I did not have the pleasure of knowing Aaron personally, so unlike many who have blogged over the past 24 hours I can not speak personally of the man we have lost. I have, however, followed Aaron’s life and career and shared his passions for copyright reform, net neutrality and data liberation. His wicked intellect jumped off the page of every blog post he wrote (http://www.aaronsw.com/weblog/) and shone through every talk he gave (http://www.youtube.com/watch/?v=Fgh2dFngFsg). His impact upon me as a young coder was immense.
While Aaron was 4 years younger than me he was an inspiration. I got my first professional coding job hacking Perl at 16 and knew only too well what it was like to be a young developer. As Cory Doctorow says so eloquently in his tribute to Aaron (http://boingboing.net/2013/01/12/rip-aaron-swartz.html), “he was part and parcel of the Internet society, like he belonged in the place where your thoughts are what matter, and not who you are or how old you are.” This is how I felt at 16, the Internet liberated me to contribute despite my age. I must have been around 18 when I first came across Aaron. To witness a 14 year old contribute to the RSS specification was an enormous inspiration and a validation that it wasn’t age that mattered. Not only were there other young developers out there but there were young developers contributing in ways I couldn’t imagine.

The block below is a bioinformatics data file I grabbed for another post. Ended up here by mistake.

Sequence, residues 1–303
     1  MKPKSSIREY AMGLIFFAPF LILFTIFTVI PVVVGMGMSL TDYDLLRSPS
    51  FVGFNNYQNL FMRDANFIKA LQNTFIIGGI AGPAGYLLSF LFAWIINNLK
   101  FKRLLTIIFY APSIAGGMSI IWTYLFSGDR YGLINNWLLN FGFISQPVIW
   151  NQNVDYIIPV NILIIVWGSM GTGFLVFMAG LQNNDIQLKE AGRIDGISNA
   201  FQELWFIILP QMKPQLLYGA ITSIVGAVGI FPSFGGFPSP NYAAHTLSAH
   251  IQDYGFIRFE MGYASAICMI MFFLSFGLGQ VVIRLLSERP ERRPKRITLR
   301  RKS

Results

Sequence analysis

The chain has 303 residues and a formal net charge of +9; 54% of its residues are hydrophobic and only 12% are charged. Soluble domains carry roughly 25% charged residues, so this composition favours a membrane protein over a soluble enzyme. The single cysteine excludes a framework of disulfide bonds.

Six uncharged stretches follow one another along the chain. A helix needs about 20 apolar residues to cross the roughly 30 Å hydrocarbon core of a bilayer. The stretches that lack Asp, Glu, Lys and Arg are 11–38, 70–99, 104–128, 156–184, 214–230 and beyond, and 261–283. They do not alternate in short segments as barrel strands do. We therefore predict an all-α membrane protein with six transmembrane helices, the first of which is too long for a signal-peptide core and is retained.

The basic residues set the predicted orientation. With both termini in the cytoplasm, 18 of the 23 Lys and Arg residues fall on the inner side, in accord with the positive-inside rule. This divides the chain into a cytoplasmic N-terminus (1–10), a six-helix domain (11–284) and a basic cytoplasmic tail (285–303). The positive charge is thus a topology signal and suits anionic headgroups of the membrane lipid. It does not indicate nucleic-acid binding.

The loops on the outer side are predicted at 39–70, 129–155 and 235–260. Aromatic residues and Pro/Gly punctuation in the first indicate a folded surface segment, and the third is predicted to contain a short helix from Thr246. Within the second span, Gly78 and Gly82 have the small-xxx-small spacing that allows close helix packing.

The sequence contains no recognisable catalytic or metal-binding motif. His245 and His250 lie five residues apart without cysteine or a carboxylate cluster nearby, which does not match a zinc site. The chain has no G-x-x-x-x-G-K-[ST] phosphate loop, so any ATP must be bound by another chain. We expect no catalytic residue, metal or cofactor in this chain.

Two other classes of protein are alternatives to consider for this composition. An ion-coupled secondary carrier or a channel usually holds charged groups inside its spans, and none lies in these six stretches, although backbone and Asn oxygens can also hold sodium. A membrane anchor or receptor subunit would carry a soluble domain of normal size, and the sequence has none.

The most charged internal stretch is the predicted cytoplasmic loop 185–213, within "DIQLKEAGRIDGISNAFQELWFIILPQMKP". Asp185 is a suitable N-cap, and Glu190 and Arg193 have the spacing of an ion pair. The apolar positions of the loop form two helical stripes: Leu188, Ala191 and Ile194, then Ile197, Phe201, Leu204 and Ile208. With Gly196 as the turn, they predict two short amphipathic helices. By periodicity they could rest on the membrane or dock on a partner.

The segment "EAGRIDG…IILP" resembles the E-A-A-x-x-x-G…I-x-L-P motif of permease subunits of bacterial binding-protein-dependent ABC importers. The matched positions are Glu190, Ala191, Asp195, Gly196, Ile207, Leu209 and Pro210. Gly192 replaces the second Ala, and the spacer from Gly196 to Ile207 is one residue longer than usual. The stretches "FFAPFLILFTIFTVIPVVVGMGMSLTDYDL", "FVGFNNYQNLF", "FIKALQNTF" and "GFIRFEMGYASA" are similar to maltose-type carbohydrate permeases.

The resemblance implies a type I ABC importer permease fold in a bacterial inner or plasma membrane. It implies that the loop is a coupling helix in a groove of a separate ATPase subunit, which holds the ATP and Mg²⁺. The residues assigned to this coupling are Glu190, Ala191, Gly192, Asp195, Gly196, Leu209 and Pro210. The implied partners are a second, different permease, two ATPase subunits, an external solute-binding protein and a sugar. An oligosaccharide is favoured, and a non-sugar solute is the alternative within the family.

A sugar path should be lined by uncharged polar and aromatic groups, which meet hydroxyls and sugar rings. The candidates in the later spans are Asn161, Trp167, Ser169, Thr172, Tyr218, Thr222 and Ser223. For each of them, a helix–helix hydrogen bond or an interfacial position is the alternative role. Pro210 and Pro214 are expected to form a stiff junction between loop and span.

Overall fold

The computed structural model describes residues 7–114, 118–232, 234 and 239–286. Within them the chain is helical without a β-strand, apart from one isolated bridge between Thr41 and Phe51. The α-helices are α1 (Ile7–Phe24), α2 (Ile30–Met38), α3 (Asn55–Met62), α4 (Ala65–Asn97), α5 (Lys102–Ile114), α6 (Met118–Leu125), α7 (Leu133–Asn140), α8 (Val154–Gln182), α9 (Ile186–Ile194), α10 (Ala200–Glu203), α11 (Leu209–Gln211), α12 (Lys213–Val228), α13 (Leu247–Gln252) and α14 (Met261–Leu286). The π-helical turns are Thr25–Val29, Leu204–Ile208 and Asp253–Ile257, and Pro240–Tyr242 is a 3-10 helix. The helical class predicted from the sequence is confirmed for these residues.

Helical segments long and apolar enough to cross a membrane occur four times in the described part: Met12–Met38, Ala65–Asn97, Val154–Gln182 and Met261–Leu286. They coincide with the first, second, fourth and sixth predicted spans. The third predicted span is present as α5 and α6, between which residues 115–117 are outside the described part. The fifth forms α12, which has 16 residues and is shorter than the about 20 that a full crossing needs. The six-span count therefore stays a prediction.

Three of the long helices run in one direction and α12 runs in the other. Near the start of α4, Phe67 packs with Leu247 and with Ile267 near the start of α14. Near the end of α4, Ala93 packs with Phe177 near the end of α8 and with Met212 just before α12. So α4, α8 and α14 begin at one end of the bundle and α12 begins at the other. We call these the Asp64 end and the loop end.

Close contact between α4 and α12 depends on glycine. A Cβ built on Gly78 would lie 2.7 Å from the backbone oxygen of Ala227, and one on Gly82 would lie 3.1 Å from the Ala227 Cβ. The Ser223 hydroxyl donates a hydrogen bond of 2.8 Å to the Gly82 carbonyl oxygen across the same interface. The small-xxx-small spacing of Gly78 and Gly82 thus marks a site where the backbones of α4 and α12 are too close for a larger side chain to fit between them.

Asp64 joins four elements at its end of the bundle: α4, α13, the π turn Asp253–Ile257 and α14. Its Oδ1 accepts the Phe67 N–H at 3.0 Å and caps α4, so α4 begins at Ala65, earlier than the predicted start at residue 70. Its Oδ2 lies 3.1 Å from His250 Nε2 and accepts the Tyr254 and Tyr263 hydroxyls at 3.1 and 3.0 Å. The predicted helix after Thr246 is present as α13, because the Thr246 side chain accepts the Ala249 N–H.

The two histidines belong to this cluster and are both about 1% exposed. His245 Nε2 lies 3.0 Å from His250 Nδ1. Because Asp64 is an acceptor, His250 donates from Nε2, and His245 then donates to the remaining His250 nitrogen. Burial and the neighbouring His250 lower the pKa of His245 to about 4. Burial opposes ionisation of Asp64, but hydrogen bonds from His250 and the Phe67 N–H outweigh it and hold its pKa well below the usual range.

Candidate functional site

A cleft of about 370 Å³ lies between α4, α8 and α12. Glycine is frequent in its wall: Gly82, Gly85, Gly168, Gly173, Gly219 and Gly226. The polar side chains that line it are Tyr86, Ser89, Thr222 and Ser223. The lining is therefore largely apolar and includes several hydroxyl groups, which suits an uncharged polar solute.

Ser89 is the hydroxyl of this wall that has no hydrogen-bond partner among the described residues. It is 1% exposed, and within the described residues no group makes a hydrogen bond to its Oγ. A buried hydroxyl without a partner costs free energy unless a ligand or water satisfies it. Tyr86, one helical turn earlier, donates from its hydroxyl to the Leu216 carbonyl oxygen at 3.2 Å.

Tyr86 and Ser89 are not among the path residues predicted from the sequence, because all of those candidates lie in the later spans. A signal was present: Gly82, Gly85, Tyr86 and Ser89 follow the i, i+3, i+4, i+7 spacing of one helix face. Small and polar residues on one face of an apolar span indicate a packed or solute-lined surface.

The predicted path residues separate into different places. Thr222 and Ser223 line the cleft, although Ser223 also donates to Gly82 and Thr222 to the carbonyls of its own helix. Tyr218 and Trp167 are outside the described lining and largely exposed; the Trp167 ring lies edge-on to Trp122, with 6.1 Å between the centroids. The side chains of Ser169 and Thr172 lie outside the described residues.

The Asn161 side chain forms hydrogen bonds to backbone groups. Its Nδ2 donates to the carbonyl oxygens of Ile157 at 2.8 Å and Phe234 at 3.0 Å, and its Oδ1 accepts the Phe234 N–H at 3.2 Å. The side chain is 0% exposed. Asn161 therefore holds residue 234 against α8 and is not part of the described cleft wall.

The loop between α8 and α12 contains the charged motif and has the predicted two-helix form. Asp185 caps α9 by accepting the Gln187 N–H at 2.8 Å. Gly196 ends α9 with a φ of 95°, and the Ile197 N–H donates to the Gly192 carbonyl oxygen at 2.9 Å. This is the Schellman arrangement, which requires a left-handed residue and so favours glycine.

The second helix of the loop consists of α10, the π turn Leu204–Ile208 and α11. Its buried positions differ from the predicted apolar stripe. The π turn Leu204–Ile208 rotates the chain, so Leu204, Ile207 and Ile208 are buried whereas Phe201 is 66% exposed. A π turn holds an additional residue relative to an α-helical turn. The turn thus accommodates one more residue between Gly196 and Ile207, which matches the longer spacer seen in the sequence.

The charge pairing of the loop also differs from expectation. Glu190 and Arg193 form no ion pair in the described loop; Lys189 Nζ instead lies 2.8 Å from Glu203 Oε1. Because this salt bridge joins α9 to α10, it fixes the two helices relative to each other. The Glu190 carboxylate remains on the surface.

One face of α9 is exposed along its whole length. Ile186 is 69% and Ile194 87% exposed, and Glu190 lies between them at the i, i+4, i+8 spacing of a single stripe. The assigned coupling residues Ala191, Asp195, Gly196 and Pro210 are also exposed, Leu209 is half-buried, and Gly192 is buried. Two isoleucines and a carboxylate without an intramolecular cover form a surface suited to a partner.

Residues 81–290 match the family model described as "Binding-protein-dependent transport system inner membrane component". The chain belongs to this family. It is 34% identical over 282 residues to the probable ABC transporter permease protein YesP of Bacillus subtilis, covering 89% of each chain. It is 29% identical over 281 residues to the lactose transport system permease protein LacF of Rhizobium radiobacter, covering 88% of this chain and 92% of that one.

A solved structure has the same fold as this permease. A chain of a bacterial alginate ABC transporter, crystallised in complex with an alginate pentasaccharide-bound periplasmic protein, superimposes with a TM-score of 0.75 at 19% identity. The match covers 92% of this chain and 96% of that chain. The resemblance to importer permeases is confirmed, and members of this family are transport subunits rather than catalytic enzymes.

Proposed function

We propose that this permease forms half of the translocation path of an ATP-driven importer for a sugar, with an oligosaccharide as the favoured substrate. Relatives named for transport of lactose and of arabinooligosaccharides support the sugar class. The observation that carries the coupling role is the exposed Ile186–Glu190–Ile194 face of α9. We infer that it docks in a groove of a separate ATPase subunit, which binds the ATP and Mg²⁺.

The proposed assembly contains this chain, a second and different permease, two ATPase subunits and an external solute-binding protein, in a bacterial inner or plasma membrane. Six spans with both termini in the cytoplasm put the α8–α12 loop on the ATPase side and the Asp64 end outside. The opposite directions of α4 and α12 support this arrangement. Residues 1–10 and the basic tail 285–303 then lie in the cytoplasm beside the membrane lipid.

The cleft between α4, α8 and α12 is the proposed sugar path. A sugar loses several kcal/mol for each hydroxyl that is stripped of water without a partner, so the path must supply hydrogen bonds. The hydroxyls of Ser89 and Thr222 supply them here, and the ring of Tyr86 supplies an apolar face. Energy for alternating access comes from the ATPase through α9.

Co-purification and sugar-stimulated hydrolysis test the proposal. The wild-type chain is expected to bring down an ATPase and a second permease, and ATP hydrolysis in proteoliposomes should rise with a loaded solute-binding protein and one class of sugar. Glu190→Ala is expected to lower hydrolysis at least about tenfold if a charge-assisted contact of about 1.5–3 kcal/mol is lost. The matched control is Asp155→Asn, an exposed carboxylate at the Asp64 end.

Aaron was one of the finest minds in our community. He personified everything that I believe makes the Internet so special. Whatever the circumstances around Aaron’s suicide there can be no doubt that our community has not only lost one of its finest minds but also a leader, a disruptor and one of its most energetic defenders.
To his partner, family, friends, colleagues and the Internet community go my deepest sympathies.